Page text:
However, these supplements vary in doses and effects, so it is best to consult your veterinarian about the appropriate prescription and dosage.

  • Vitamin D Supplements

Vitamin D supplements might also be required to increase calcium absorption from the intestine. Vitamin D is a prohormone responsible for increasing the absorption of minerals such as calcium, magnesium, and phosphate.

For long-term treatment, veterinarians might require your pet to take a specific form of Vitamin D. For instance, vitamin D2 (also known as ergocalciferol) is usually used as a dietary supplement and can be bought over-the-counter. 

Dihydrotachysterol (DHT) is another form of vitamin D and is often consumed by pets in liquid form. However, you can also choose to buy it as a pill. 

Calcitriol, meanwhile, is another type of medication that helps in regulating calcium levels. This compound is generally made for human consumption, but pharmaceutical companies have also regulated appropriate doses for pets.  

  • Intravenous Calcium Supplementation

This kind of calcium supplementation is recommended for mild cases of hypocalcemia. Just like other intravenous (IV) procedures, it is inserted into the dog’s system using a drip chamber. 

When performing this treatment, the dog’s back or foreleg is usually used as a clean site where the needle will be injected. But before injecting the IV, the targeted spot should be numbed with an ice pack to reduce some of the pain. 

IV calcium should be administered slowly and carefully, however, because it could result in a lowering of the heart rate.

Making Sure Your Dog Gets Enough Calcium

By properly treating and preventing these hypocalcemia signs in dogs, your pet can immediately get its calcium levels back to normal. This means they won’t have to go through more complex treatment. Still, it is important to continuously monitor the calcium levels of your pet. For optimum results, consider asking your vet for better dietary recommendations.

To know more about how to keep your dog in great condition so they can avoid the risk of injury, explore the Lick Sleeve blog.

recovery from wound injuries, and the transmission of nerve impulses. 

But what happens if daily calcium requirements are not met?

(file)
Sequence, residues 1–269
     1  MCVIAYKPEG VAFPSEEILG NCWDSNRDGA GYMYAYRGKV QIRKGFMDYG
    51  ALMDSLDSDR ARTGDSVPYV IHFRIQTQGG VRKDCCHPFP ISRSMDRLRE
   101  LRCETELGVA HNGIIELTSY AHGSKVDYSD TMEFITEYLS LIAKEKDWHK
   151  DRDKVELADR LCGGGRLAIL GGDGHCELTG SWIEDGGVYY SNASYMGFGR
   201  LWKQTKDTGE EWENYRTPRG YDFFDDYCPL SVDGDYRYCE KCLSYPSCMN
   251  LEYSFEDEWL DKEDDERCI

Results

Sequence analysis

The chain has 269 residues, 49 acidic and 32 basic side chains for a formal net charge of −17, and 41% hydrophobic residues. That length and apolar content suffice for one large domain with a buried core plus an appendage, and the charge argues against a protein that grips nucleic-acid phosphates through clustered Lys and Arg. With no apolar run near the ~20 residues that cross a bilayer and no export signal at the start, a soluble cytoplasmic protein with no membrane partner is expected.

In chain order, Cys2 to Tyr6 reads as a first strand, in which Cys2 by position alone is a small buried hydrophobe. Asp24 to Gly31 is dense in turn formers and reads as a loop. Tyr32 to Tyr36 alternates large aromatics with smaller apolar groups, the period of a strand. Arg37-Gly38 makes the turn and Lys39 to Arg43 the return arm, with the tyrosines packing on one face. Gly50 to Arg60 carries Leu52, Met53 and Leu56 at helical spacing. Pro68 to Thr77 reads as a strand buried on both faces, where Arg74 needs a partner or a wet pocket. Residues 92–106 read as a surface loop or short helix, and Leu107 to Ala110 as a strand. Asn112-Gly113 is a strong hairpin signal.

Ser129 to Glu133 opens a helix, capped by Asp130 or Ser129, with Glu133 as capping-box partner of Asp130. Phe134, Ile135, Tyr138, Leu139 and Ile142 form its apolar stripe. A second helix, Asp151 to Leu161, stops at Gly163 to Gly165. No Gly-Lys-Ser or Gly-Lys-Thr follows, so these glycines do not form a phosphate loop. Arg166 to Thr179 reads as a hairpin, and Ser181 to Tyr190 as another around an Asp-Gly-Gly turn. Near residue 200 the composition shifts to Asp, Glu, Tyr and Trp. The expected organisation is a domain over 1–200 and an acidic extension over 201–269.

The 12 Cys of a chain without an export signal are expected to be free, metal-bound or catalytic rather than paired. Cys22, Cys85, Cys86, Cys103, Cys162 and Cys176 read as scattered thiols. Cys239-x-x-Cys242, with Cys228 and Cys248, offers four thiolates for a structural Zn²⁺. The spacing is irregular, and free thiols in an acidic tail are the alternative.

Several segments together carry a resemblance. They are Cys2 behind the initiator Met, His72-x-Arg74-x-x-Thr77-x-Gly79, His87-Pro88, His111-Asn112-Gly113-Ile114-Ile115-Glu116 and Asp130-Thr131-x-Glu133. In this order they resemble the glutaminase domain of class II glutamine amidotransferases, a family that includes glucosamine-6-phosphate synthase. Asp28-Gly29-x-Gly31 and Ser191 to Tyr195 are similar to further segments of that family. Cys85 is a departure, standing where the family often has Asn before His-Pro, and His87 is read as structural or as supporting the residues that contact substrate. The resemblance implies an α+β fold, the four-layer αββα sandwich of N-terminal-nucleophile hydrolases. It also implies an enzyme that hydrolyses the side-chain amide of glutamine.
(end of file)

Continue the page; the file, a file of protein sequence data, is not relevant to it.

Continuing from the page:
Calcium deficiency in dogs is otherwise known as canine hypocalcemia. Low calcium levels in the body could cause weakness, behavior changes, and other health-related issues that need immediate treatment as soon as possible. And when this happens, it could put your dog at risk of injury.

Since hypocalcemia is a serious and complicated medical condition, we’ve listed the signs of calcium deficiency in dogs, as well as the treatment options available. By learning more about the condition, you can help your dog meet it’s required calcium intake requirements.

Signs & Symptoms of Calcium Deficiency

Canine calcium deficiency symptoms can vary depending on the severity of the condition and potential underlying causes. Dogs suffering from a mild condition may not show any signs of illness until their calcium level becomes abnormally low.

Since calcium is an important mineral for major muscle contraction, transmission of nerve impulses, and blood clotting, here are some of dog calcium deficiency symptoms you should watch out for:

  • Muscle twitches, spasms, or tremors
  • Loss of coordination
  • Rubbing the face against objects
  • Loss of control over body movements
  • Stiff movements
  • Panting
  • Unusual changes in behavior
  • Weakness
  • Listlessness
  • Fever
  • Vomiting
  • Loss of appetite
  • Convulsions
  • Seizures

How Is It Treated?

The main goal of treating canine hypocalcemia is to bring your dog’s blood calcium levels back to normal. Since various causes are related to this disease, it is important that the root cause of this mineral deficiency is correctly addressed. 

Blood Tests

If your pet is showing symptoms of calcium deficiency, the best thing you can immediately do is bring your pet to your local veterinarian and have it go through a blood test.